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Yahoo confirms over 500 million users affected in 2014 breach

And it's blaming a "state-sponsored" hacker.
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Yahoo has confirmed reports that it was the victim of a major hack in late 2014, which has led to some 500 million user accounts being compromised. The story first broke way back in August when a hacker known as Peace was promising to sell 200 million usernames, passwords, birthdates and email addresses for less than $2,000. At the time, Yahoo had refused to confirm or deny if the attack was legitimate to users, a delay which has given nefarious types almost two months head start on their prey.

In a statement posted to its investor relations site, Yahoo claims the massive hack was the act of a "state-sponsored" hacker and elaborates on the kind of data that party might have had access to.

"The account information may have included names, email addresses, telephone numbers, dates of birth, hashed passwords (the vast majority with bcrypt) and, in some cases, encrypted or unencrypted security questions and answers," the statement reads. "The ongoing investigation suggests that stolen information did not include unprotected passwords, payment card data, or bank account information; payment card data and bank account information are not stored in the system that the investigation has found to be affected."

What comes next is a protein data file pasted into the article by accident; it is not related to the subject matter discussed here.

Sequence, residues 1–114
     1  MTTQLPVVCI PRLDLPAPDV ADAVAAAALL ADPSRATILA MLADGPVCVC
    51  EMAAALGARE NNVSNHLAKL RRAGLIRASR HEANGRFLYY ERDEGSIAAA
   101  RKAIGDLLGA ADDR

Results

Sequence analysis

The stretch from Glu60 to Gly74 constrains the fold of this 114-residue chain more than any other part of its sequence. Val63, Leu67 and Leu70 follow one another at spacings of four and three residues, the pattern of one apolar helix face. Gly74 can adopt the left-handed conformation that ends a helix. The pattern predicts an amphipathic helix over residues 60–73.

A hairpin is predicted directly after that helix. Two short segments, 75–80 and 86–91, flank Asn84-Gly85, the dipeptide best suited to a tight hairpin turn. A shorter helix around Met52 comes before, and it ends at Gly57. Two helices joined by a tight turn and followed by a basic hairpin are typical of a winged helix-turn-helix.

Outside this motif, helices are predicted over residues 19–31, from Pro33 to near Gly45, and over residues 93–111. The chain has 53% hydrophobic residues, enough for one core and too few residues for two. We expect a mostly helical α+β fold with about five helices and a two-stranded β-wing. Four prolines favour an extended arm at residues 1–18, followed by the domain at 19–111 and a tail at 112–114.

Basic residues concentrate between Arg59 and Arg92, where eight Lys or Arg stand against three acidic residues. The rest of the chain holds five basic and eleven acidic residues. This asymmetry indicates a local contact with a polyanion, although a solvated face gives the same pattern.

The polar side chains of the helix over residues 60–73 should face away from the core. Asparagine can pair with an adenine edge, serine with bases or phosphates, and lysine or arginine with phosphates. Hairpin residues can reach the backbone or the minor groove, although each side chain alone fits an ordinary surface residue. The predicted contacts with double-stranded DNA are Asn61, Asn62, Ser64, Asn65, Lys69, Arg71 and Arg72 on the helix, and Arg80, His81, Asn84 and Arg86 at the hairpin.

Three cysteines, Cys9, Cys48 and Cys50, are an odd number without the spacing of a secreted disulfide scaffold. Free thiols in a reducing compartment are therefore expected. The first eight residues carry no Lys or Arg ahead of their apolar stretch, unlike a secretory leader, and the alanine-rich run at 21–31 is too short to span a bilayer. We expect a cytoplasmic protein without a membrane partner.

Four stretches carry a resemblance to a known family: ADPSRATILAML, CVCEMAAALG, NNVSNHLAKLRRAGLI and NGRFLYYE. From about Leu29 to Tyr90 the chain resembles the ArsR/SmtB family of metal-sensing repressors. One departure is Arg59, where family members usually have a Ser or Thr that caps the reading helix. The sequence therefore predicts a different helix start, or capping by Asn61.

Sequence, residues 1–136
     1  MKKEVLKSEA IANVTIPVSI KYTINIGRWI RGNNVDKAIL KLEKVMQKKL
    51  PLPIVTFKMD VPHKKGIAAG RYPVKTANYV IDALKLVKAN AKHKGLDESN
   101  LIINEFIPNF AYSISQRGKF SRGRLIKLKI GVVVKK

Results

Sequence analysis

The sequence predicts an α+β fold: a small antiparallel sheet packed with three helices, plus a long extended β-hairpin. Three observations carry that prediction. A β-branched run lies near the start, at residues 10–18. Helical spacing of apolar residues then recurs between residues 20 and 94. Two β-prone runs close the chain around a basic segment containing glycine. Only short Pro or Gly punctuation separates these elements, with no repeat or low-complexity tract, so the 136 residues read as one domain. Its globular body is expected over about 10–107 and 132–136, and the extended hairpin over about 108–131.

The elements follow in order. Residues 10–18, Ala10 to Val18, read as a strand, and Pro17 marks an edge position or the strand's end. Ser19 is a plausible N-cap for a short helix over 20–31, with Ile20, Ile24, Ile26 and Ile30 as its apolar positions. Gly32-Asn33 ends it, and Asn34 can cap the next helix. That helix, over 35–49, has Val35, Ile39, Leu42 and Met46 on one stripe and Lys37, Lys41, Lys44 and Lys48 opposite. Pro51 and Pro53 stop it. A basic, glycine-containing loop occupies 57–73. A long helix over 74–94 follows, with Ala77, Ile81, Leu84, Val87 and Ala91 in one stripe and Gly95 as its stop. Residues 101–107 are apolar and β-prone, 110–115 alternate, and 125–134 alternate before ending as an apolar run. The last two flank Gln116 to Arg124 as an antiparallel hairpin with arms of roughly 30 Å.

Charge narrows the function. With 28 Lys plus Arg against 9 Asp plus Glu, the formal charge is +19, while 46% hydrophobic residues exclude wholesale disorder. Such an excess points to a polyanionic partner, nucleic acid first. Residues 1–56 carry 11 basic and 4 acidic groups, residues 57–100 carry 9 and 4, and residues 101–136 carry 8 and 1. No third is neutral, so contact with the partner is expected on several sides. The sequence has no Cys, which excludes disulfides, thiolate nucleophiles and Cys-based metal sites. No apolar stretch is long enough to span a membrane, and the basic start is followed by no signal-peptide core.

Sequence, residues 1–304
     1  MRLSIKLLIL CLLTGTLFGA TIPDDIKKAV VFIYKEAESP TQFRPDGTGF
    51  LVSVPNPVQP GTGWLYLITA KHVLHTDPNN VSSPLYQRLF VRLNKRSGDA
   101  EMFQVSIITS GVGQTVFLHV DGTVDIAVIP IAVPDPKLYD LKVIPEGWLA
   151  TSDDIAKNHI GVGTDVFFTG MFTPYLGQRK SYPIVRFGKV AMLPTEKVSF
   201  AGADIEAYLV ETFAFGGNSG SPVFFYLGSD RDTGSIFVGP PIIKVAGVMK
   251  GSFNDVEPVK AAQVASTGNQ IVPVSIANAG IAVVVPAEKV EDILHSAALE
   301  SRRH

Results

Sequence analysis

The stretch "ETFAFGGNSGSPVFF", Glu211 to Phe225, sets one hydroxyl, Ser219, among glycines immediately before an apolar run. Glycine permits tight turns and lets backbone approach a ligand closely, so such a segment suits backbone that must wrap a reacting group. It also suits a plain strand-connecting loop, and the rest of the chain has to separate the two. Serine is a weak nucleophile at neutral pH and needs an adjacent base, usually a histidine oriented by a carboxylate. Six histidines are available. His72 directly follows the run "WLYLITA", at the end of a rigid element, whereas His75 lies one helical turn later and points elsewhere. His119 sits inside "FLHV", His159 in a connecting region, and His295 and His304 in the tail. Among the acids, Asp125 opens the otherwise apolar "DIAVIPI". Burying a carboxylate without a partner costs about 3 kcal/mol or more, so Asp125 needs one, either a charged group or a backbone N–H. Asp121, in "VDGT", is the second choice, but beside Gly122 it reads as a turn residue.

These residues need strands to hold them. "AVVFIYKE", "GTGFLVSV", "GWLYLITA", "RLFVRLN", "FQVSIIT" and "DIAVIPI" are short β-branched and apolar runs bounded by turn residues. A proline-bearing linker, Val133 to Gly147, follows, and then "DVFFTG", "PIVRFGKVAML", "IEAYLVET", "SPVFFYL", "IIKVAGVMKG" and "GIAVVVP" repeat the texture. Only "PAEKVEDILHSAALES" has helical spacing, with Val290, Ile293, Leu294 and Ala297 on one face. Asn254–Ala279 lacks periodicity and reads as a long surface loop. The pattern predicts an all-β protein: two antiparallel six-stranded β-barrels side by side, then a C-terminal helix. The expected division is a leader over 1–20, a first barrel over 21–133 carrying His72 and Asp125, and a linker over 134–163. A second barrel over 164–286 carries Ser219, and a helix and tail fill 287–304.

That sensitive payment information wasn't among the data breached is cause for mild relief, and Yahoo believes the hacker no longer has access to the company's systems. The news originally broke over at Re/code, whose sources said that the hack was so large that it was likely to prompt a government investigation. While Yahoo has confirmed that it's working with law enforcement to figure out exactly what happened, there's currently no word on whether government agencies are planning to dig into things themselves.

There's also no official word on why Yahoo waited so long to publicly confirm widespread reports on the breach. We could easily hazard a few guesses, though. The most obvious: Yahoo is currently selling itself to (Engadget's parent company's parent company) Verizon, and any negative consequences could harm the deal before it officially closes in early 2017. Verizon, for what it's worth, was only brought into the loop two days ago -- a Verizon spokesperson said in a separate statement on Twitter that the company has only "limited information and understanding of the impact."

Yahoo's admission could also spell trouble for beleaguered CEO Marissa Mayer -- though she has said that she plans to stay with Yahoo even as it becomes a Verizon subsidiary, the questionable handling of this breach seems like yet another in a long line of crucial missteps for both CEO and company.

Chris Velazco contributed to this story.

Verizon owns Engadget's parent company, Oath (formerly AOL). Rest assured, Verizon has no control over our coverage. Engadget remains editorially independent.

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